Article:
Abraham Lincoln lived in the era of Andrew Carnegie and John Rockefeller; two of the richest men in history. He didn't die a billionaire as those two. In fact, he certainly wasn't listed on the Forbes rich list but one thing is also certain; he didn't die a poor man. He died a very wealthy man. Likewise, Martin Luther King, Kofi Annan, Mahatma Gandhi, the Nobel prize winners and many other hidden great figures who made a mark wherever they found themselves. They do not appear on any rich list but their legacy is definitely enough inheritance not only for their kids but for the entire world.

Irrespective of our profession, we all can leave a legacy that is beyond and definitely more precious than just an inheritance for our kids. We can leave an inheritance in the organization we work in, in our community, and, in fact, the world. We can leave behind an indelible legacy.

In the end, wherever we are, whatever good things we build end up building us. That is called enlightened self interest.

Cheers.

To our collective greatness,
Temitope Ojo.

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7 comments:

  1. This is awesome. This is undoubtedly the message some people need... I once read a book that talked about this kind of thing.
    However, I think one of the problems we have is that we have allowed our lives to directed by what motivational speakers preach, without finding out really what works for us, and that's by asking questions like why and what. If we sincerely address our motives and mindsets towards what we do, we'll begin to derive pleasure and fulfillment in doing them rather than momentous joy followed by a length of frustration.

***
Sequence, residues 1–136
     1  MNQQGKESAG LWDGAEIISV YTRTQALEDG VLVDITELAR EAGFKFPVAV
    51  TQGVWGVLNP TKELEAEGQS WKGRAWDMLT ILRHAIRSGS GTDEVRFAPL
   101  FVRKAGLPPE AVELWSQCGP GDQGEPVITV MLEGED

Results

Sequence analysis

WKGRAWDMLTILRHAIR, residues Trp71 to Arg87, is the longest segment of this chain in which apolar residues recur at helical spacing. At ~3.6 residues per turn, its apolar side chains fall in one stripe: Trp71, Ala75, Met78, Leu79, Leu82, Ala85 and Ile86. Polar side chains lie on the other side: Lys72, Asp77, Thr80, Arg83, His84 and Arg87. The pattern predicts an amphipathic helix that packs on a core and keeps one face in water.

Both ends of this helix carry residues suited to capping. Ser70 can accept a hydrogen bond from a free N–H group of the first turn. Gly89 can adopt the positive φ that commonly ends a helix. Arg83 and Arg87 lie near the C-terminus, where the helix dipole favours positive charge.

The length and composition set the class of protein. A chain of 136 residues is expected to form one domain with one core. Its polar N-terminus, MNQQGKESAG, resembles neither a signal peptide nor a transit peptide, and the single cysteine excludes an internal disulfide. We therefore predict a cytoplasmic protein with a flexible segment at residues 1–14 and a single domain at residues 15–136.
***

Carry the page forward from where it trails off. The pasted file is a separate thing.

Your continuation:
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    1. Wow, this is so on point and I agree with you."If we sincerely address our motives and mindsets towards what we do, we'll begin to derive pleasure and fulfillment in doing them rather than momentous joy followed by a length of frustration" I'll hold on to that.

      So good to read from you after a while. Thanks for reading

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  2. Woww woww woww this is a wonderful write upπŸ‘πŸ‘πŸ‘πŸ‘..Money is just a facilitator not a goalπŸ‘ŒπŸ‘Œ..This piece is definitely enlightening 😊😊

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    1. Yes my dear. Thanks for stopping by and dropping your comment. Enjoy the beauty of becoming

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  3. Message direct and simple.

    I cannot love this blog less (and the person behind it)πŸ˜‰
    πŸ‘πŸ‘πŸ‘πŸ‘πŸ‘πŸ‘πŸ‘πŸ‘πŸ‘πŸ‘πŸ‘πŸ‘πŸ‘πŸ‘πŸ‘πŸ‘πŸ‘πŸ‘πŸ‘πŸ‘πŸ‘πŸ‘πŸ‘πŸ‘πŸ’―πŸ’―πŸ’―πŸ’―πŸ’―πŸ’―πŸ’―

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    1. You are so kind an sweet Joshua, you should join the ''sweet boys association'' o. Thank you for always stopping by to drop your comments. VOB remembers

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    2. πŸ˜‚πŸ˜‚πŸ˜‚πŸ˜‚πŸ˜‚πŸ˜‚πŸ˜‚πŸ˜‚πŸ˜‚
      "Sweet boys association" indeed.


      πŸ˜‚πŸ˜‚πŸ˜‚πŸ˜‚πŸ˜‚πŸ˜‚πŸ˜‚πŸ˜‚πŸ˜‚πŸ˜‚πŸ˜‚πŸ˜‚πŸ˜‚πŸ˜‚πŸ˜‚πŸ˜‚πŸ˜‚πŸ˜‚πŸ˜‚πŸ˜‚πŸ˜‚πŸ˜‚πŸ˜‚πŸ˜‚πŸ˜‚πŸ˜‚πŸ˜‚πŸ˜‚πŸ˜‚πŸ˜‚πŸ˜‚πŸ˜‚πŸ˜‚πŸ˜‚